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Dennis Erickson Done In By Devilish Side Of ASU Football

Sometimes the game just passes you by.

There isn't really much to say as to why Dennis Erickson is finished with the Arizona St. Sun Devils. The man never lost the grip on his team like Rick Neuheisel, and never berated his team like Mike Stoops, and never flat out coached a crap team like Paul Wulff. Erickson was never as bad a coach as the other guys on the hot seat--his teams always had decent performances in victory or defeat.

Nonetheless, when it came to wins and losses, he underachieved.

Year after year, despite having a good bit of talent, ASU seemed to come up short in critical stages, particularly in the mental aspects of playing football. His teams would play hard, competitive matches against the best of the conference--and lose. Then they would play the bottom-dwellers and have trouble pulling those games out. There was no consistency from this team, and they drove Sun Devil fans crazy year after year.

The play of the Devils would at times look explosive, and at times look like the aftermath of an explosion. There were big 20 yard gains followed by 10-15 yard penalties bringing them back. There were late hits galore to keep the Devils going offensively. There were the unconscionable turnovers that killed the team's momentum and practically handed it to the other side. There was the questionable game management that took Erickson's team out of games.

This year was Exhibit A of Erickson's inability to adjust to Pac-12 play. Erickson had perhaps the easiest path to the Pac-12 South title, a strong collection of talent, a good quarterback who knew how to run the offense, a talented defense. Even with the assorted injuries the team suffered in the offseason and through the fall grind, ASU still should have been able to summon victories against teams like Washington State and Arizona and give themselves a rematch with Oregon in this Friday's title game.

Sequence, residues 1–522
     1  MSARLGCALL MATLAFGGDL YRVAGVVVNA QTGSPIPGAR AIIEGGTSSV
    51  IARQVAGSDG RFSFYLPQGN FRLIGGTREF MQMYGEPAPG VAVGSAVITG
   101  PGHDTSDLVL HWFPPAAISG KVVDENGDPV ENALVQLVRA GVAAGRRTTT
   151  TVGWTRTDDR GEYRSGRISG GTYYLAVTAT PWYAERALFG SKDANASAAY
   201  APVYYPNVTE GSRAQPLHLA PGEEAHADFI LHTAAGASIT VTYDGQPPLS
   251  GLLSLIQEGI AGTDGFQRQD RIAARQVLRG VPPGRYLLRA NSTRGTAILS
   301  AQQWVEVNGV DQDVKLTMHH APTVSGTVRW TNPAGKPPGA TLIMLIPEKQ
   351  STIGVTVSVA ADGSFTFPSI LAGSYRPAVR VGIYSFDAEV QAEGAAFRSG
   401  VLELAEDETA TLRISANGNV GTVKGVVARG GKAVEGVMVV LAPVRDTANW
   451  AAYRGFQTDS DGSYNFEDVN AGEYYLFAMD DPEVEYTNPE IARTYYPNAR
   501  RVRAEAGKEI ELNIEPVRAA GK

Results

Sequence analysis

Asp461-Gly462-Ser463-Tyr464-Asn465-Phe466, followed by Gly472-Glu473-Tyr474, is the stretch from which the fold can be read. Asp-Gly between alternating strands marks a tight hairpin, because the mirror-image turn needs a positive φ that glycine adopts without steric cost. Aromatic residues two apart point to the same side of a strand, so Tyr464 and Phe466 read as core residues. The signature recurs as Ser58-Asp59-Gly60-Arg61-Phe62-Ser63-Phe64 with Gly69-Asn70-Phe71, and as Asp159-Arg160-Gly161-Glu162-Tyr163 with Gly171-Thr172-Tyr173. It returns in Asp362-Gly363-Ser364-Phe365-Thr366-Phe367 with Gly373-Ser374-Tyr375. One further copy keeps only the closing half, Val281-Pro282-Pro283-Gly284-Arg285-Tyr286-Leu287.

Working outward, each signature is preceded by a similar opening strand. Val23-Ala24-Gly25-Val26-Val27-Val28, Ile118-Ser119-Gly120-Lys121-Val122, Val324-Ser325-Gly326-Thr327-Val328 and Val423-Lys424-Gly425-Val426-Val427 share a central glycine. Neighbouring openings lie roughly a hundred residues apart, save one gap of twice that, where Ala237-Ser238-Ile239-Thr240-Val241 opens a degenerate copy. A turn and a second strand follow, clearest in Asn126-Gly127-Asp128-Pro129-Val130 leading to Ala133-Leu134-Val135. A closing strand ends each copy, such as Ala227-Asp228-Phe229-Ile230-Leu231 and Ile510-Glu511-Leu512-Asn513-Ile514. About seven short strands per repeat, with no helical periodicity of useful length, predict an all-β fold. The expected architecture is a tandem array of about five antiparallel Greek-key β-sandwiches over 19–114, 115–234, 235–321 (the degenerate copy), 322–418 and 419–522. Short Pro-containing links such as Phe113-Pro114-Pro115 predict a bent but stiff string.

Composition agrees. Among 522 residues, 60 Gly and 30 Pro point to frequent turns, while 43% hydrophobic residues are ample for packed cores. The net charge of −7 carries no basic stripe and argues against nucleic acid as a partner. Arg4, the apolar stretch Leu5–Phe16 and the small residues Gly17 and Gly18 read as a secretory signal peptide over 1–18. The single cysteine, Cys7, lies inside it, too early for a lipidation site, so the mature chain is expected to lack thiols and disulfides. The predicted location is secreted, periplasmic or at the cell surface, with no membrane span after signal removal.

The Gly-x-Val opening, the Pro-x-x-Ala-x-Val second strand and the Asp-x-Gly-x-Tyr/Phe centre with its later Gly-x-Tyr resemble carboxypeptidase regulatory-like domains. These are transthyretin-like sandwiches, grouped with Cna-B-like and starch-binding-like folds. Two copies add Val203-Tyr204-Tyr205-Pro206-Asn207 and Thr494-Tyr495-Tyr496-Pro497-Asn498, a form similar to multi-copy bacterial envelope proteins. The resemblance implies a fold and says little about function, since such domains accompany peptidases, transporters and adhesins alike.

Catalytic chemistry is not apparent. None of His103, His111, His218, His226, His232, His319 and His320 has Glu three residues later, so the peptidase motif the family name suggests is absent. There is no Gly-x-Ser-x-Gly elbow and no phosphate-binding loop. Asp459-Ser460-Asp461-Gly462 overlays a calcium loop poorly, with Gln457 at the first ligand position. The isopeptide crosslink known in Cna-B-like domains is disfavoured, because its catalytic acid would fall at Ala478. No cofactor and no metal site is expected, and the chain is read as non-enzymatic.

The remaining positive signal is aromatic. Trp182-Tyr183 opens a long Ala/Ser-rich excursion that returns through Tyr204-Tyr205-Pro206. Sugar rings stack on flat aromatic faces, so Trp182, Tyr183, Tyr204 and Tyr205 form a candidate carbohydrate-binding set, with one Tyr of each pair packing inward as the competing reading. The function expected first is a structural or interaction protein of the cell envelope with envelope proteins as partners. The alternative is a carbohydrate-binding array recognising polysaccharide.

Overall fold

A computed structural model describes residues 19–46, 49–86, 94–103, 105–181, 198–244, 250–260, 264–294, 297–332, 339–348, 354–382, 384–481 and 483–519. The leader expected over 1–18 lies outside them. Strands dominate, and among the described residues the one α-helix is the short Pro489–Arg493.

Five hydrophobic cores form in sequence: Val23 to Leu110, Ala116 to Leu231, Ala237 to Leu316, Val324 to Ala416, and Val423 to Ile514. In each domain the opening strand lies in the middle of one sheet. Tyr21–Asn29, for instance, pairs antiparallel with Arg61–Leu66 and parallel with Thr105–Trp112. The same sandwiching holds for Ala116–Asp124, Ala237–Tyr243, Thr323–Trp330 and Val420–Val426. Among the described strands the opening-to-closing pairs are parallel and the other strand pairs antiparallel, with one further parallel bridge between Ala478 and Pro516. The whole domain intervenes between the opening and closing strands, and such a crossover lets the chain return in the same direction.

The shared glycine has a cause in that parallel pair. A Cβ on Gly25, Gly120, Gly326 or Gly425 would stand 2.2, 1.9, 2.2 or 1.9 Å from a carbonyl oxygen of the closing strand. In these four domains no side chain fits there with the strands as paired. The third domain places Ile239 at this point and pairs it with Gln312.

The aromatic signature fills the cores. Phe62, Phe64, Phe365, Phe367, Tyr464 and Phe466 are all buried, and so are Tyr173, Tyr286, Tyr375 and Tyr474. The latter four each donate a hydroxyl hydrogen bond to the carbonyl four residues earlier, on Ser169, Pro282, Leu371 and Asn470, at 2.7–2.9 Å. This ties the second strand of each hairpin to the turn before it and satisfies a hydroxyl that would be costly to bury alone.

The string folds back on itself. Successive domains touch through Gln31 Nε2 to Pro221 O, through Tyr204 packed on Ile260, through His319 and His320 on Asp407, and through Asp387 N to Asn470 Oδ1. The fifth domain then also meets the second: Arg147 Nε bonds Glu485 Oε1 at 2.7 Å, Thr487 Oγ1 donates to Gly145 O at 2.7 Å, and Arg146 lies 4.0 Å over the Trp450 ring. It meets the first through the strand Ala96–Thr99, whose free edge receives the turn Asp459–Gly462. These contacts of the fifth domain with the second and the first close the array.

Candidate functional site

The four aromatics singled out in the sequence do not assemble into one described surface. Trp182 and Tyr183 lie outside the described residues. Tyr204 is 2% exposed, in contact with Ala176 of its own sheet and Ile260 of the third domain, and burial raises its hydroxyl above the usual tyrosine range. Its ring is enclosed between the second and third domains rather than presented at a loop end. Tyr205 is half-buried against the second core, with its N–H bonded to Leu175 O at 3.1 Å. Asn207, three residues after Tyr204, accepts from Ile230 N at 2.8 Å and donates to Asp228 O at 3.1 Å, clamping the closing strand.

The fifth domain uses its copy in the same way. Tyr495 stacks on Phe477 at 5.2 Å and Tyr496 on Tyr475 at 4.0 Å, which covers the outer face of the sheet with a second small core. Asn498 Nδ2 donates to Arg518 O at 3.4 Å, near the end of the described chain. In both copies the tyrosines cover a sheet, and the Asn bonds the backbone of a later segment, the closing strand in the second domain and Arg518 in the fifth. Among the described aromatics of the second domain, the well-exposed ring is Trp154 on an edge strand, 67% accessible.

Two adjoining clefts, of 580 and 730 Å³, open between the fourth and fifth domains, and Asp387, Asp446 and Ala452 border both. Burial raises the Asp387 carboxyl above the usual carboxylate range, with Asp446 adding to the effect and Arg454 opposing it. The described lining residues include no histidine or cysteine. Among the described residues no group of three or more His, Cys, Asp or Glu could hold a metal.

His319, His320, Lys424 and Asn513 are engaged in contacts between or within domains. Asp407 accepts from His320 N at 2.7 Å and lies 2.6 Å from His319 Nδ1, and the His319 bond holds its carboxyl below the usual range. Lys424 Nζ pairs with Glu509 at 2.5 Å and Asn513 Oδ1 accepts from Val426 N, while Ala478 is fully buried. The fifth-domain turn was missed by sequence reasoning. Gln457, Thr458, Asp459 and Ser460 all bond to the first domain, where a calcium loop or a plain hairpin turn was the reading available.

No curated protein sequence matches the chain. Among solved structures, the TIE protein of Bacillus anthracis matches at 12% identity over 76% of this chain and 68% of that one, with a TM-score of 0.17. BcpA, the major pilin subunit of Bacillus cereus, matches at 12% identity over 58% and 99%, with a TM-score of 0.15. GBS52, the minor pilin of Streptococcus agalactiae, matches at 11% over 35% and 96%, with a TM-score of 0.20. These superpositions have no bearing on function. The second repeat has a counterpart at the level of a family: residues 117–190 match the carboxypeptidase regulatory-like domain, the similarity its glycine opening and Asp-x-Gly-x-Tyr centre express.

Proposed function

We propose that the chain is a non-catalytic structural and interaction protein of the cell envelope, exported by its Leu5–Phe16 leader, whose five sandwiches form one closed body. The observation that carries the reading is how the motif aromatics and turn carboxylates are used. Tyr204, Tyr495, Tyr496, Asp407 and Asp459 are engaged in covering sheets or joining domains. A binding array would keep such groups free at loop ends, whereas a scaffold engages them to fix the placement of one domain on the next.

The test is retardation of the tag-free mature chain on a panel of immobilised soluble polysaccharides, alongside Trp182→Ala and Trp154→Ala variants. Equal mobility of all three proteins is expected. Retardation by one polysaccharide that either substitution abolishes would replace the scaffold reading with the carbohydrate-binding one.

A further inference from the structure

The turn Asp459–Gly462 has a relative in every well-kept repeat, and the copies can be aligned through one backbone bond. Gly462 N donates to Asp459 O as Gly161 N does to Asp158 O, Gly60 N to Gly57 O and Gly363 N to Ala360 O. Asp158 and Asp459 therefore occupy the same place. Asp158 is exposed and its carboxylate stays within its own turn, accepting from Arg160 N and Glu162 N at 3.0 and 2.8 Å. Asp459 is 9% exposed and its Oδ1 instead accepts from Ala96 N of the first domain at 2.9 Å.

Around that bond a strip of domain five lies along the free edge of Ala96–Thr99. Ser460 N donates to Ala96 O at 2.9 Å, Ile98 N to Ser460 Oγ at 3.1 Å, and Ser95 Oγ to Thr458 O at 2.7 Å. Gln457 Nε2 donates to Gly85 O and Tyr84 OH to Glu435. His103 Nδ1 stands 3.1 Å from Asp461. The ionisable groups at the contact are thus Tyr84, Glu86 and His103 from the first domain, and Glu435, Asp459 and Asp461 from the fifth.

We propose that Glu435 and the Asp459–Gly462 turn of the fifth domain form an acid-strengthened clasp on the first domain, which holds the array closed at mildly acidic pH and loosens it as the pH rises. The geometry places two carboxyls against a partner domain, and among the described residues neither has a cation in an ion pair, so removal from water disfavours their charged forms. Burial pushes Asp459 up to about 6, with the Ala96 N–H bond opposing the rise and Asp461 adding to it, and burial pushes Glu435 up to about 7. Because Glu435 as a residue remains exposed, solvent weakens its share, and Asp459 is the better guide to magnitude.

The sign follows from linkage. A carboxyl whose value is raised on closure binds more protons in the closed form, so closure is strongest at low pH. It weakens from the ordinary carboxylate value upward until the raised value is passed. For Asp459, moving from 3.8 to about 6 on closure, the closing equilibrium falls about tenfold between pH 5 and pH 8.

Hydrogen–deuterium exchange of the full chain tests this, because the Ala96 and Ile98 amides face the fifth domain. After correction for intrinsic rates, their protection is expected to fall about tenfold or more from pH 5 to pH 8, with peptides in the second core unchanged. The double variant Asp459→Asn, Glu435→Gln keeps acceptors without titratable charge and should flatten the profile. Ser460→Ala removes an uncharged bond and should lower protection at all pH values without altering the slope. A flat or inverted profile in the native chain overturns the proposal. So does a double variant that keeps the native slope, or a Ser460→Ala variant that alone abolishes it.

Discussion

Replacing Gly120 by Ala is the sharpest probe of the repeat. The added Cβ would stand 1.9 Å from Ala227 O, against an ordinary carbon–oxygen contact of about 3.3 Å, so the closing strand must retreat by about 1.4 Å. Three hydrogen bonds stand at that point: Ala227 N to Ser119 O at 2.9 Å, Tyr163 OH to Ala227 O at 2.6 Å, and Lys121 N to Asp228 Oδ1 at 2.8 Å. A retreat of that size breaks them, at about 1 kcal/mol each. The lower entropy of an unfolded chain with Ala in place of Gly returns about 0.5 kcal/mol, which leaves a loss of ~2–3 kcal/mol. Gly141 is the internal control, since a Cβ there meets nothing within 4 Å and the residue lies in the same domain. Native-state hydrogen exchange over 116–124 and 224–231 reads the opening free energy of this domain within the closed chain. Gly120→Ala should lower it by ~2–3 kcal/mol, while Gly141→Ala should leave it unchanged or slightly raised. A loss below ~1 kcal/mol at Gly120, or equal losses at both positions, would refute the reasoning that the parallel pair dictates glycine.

But the Devils wouldn't take those gifts. They made mistake after mistake after mistake. They blew a winnable contest in Oregon because the Ducks made one or two mistakes while the Devils piled theirs up. They gave up huge passing plays against the likes of Kevin Prince and Connor Halliday. Brock Osweiler had good games, and then he threw bad interceptions. Cameron Marshall had big gamebreaking runs, only to get shut down against some of the worst rushing defenses in the conference. Pass protection had its breakdowns despite having an offensive line full of returning starters, making it five for five for Erickson's teams having bad offensive lines trying to win (and usually lose) the battles in the trenches.

And the penalties, the personal fouls, the mental mistakes. The constants of ASU football under Erickson, the constants of Erickson teams almost anywhere. Those things can't be around if you expect to build a program into a title contender, and the ASU teams of the past half-decade have fallen well short of that mark.

Erickson's teams were always competitive, fought hard, and gave us entertaining football. But it was anarchic, and order is needed to bring Arizona State into the conference's elite.